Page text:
Acupuncture interventions for cancer related fatigue.
Molassiotis A, Bardy J, Finnegan-John J et al. 2012. Acupuncture for cancer-related fatigue in patients with breast cancer: a pragmatic randomized controlled trial. J Clin Oncol 30:36;4470-4476.
Cancer patients often seek adjuvant care from holistic practitioners, including naturopaths, herbalists and nutritionists. Fatigue is one of the most common side effects of cancer treatments and, indeed, of cancer itself, and is often a presenting concern. Up to 99% of cancer patients are said to experience some level of fatigue during their treatment and this may lead to chronic fatigue. Given conflicting advice and studies, it can sometimes be a challenge for complementary therapists to provide the best evidence-based care. A new study published in the Journal of Clinical Oncology provides some guidance on what may be a less controversial referral for herbalists to make in the multi-modality care of a patient with cancer.
This study was a randomised, multi-centre controlled trial which compared the efficacy of acupuncture vs. usual care for treating breast cancer patients (stage I to stage IIIA) who were suffering with fatigue. 302 patients were enrolled in the study and randomised into two groups on a 1:3 (usual care: acupuncture) basis. The usual care group received a booklet with information about fatigue and its management whilst the acupuncture group received 6 weeks of weekly acupuncture treatment (needling 3 pairs of acupoints). The participants in the intervention arm also received the usual care.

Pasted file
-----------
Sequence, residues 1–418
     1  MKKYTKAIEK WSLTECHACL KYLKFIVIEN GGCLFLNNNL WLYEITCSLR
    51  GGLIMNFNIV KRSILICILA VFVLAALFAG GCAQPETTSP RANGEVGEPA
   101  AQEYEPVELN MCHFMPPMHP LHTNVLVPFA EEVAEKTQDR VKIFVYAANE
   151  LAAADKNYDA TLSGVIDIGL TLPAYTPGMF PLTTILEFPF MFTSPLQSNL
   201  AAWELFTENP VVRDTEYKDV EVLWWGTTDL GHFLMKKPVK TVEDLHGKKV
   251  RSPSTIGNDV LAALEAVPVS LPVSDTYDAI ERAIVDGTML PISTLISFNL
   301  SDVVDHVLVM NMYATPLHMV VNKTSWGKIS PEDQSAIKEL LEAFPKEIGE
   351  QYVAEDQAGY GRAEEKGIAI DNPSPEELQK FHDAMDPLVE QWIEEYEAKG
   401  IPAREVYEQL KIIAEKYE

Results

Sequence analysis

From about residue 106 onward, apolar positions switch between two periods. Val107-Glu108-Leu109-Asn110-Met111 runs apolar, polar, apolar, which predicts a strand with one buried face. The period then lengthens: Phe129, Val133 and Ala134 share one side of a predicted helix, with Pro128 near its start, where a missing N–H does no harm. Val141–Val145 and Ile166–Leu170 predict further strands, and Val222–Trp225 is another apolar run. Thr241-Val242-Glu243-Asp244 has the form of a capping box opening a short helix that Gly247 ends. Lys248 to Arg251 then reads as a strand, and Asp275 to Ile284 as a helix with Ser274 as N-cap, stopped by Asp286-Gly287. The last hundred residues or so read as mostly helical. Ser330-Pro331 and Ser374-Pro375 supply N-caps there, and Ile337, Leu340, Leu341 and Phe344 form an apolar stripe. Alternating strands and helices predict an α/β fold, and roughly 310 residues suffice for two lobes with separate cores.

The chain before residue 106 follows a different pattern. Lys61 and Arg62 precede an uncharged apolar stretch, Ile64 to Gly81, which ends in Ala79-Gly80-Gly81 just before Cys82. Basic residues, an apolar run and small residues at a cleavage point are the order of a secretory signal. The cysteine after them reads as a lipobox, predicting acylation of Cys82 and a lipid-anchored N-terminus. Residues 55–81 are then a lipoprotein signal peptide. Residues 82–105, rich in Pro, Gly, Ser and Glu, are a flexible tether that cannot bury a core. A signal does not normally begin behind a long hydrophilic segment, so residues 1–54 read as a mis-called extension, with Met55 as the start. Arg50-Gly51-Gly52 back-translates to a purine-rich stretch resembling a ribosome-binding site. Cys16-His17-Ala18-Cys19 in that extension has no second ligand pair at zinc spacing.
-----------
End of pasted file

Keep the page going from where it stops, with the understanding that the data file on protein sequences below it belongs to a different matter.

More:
The primary outcome measure was general fatigue at 6 weeks assessed with the multidimensional fatigue inventory (MFI), along with the Hospital Anxiety and Depression Scale and Functional Assessment of Cancer therapy--General Quality-of-Life Scale.
After the intervention period, those who had received acupuncture experienced significantly less fatigue, with the difference in general fatigue score between the groups being -3.11 (95% CI: -3.97 to -2.25; P<0.001). Both mental and physical fatigue were improved, along with all other aspects of fatigue measured on the MFI. There were also significant improvements in secondary outcome measures of anxiety and depression and quality of life. Acupuncture participants rated themselves as having much higher levels of physical, functional, emotional and social function well-being in comparison to the self-rating of those receiving the usual treatment.
The conclusion of study authors was that acupuncture was an effective intervention for managing symptoms of cancer-related fatigue and improving quality of life in those suffering from breast cancer. This makes it an intervention to consider in the multi-modality care of a client suffering from cancer-related fatigue, anxiety or depression, or wishing to improve their quality of life.
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|Publication:||Australian Journal of Herbal Medicine|
|Date:||Jun 1, 2013|
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